10 April 1999



Natures way may be best, but sometimes it

needs a boost as Lucy Stephenson reports.

SPEED is of the essence when it comes to keeping any pest or disease problem under control. But natural enemies such as parasitic wasps which attack aphids are not known for their prompt action, often arriving in crops later than their hosts.

So how can this be improved? Scientists speaking at the Society of Chemical Industry conference identified location as the key. For natural predators to have a controlling effect on any aphid invader they must be present at the same time – and same place – as the pest.

One way to do this is harness the aphids own sexual allure system – pheromones. These chemical attractants are produced by female aphids to lure males during their sexual phase in the autumn. Yet these very chemicals attract parasitic wasps too. They can therefore be used to trap the natural predators where and when they are needed, explained Lester Wadhams and Wilf Powell of IACR Rothamsted.

This idea of being able to synchronise the presence of natural enemies with the pest all started when Dr Powell began to look at how parasitic wasps overwintered.

By chance, two mild winters were followed by a hard winter in his investigation. "We expected aphids to be a big problem after the mild winters – but the opposite happened. When I looked at the aphids I found over 50% were carrying parasitic larvae."

The presence of the parasitic wasps gave a better understanding of the predators life cycle and is the key to putting the science into a practical context.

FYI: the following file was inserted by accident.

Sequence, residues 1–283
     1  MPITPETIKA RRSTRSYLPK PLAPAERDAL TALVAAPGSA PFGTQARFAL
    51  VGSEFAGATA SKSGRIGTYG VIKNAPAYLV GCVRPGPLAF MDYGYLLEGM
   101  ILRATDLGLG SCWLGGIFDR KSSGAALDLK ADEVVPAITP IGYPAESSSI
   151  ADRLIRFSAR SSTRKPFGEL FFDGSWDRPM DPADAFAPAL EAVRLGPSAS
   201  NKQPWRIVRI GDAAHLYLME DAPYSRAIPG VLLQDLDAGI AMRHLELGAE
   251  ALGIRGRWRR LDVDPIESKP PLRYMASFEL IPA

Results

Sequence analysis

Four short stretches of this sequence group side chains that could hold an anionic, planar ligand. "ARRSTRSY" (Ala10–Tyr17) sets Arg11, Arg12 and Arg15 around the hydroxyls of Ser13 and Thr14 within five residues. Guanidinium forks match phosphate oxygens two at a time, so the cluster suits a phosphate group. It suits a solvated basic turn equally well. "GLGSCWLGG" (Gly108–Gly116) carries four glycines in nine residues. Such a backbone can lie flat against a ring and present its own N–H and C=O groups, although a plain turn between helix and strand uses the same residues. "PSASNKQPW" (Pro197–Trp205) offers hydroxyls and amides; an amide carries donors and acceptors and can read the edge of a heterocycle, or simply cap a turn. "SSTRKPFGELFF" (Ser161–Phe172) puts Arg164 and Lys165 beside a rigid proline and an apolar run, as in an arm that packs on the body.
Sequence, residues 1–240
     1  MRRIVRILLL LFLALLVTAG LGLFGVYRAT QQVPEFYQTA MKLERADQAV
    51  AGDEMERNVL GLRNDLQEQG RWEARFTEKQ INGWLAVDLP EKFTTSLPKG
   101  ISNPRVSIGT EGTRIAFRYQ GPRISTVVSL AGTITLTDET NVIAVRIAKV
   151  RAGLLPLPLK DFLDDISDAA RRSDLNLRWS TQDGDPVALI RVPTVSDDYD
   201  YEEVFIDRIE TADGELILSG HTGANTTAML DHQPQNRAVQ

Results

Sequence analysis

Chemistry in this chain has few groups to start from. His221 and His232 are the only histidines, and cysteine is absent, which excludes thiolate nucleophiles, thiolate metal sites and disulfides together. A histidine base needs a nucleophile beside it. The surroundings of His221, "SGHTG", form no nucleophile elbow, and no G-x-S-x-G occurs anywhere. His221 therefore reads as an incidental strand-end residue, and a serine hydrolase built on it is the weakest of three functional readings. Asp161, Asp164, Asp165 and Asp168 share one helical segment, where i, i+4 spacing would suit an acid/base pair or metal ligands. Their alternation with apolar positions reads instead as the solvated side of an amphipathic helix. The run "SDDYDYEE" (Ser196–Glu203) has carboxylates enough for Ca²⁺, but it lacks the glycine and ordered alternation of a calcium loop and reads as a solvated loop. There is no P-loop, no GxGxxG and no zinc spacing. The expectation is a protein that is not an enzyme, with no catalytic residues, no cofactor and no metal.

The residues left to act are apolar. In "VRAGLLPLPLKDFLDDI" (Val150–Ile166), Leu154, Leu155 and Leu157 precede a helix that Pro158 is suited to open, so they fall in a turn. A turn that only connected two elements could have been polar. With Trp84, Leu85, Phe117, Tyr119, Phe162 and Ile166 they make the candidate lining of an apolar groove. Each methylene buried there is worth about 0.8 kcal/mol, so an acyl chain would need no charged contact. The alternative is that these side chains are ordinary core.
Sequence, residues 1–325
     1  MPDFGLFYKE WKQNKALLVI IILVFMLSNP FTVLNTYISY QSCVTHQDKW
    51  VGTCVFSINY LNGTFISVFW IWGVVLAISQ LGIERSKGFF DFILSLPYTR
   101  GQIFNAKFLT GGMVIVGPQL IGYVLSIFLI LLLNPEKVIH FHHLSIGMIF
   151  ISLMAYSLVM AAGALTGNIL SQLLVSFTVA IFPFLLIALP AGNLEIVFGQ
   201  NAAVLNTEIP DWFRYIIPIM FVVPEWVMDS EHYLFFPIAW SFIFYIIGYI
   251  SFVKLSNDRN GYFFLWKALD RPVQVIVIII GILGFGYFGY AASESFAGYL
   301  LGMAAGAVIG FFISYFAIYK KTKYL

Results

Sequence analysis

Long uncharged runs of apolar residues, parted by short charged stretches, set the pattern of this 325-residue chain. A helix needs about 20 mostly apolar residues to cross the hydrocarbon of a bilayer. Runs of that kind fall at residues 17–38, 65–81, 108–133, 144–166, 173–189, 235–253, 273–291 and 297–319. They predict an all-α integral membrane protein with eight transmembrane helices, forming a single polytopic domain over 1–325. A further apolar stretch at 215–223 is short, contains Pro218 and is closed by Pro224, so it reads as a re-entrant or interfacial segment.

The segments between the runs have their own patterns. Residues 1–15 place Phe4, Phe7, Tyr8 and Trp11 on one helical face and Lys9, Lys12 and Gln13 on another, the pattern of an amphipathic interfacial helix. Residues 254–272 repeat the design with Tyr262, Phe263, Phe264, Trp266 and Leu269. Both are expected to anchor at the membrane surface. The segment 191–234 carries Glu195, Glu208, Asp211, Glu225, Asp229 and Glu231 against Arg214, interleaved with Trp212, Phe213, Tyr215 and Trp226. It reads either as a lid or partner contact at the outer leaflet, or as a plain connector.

Since the parasitic wasps live inside the aphids, spraying in the autumn to control the pest on winter crops wipes out the natural predator too, pointed out Dr Powell.

However, by diverting the predators into field margins where they are not affected by autumn aphid sprays, they can survive and be ready to attack aphids in the summer.

Parasitic wasps that attack cereal aphids commonly move into grassland. If they can be lured into field margins or conservation headlands which are next to the crop, using the aphid pheromone, their populations can be encouraged – making them ready to take on the aphid invaders later in the season.

A key finding in the research was that parasitoids respond to pheromones throughout the year, and they can be lured to an infested crop at any time.

If aphid numbers can be checked early by the waiting parasitic wasp population, later arriving natural predators such as the ladybird will be able to help mop up, explained Dr Powell.

A chemical similar to the aphid sex pheromone has been isolated in catmint (Nepeta cataria). Extracting this chemical is 100 times cheaper than artificially synthesising the aphid pheromone. So Dr Wadhams is now investigating how to grow catmint as a commercial crop.

How would the catmint extract be used? Although precise application rates and timing are still being worked on, Dr Wadhams predicted that a capsule containing the pheromone could be applied at generous spacing in the field margin. The capsule would be effective for six weeks.

Such a method of control would be attractive for growers in countryside stewardship schemes which have stricter controls on pesticide use.

Field trials are now being planned to put the theory into practice, but the small scale trial results have been encouraging. "Aphid parasitisation was increased five to 10 times when potted wheat plants were tagged with the pheromone," said Dr Powell.

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